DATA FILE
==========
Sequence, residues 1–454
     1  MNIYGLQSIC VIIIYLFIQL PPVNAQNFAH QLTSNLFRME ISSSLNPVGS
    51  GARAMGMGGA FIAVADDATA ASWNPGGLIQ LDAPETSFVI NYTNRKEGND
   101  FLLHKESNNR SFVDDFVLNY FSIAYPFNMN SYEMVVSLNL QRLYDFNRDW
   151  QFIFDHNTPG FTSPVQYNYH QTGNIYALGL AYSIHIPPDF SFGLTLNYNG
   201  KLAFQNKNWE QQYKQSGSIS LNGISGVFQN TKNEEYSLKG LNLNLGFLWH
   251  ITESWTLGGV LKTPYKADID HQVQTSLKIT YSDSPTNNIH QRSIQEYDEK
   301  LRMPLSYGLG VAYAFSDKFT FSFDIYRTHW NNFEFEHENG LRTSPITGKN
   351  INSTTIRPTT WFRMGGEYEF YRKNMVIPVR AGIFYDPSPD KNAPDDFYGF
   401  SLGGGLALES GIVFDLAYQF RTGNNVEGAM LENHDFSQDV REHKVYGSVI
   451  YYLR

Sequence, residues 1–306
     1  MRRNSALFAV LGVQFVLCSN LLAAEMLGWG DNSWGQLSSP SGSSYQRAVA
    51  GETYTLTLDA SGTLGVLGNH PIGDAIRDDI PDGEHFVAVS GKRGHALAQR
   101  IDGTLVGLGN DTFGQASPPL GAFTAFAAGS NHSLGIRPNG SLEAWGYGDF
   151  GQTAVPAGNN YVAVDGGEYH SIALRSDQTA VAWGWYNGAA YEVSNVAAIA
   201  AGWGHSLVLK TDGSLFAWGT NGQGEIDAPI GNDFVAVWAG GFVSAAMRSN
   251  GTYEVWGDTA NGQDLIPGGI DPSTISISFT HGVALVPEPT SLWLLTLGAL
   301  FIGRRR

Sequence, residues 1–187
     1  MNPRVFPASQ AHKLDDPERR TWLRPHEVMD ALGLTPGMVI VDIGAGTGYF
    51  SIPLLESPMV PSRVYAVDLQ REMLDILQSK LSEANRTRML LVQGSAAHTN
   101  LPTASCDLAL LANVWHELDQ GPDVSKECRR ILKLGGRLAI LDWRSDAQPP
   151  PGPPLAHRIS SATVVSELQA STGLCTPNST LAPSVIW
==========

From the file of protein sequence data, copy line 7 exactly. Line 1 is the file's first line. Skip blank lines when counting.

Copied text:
   251  ITESWTLGGV LKTPYKADID HQVQTSLKIT YSDSPTNNIH QRSIQEYDEK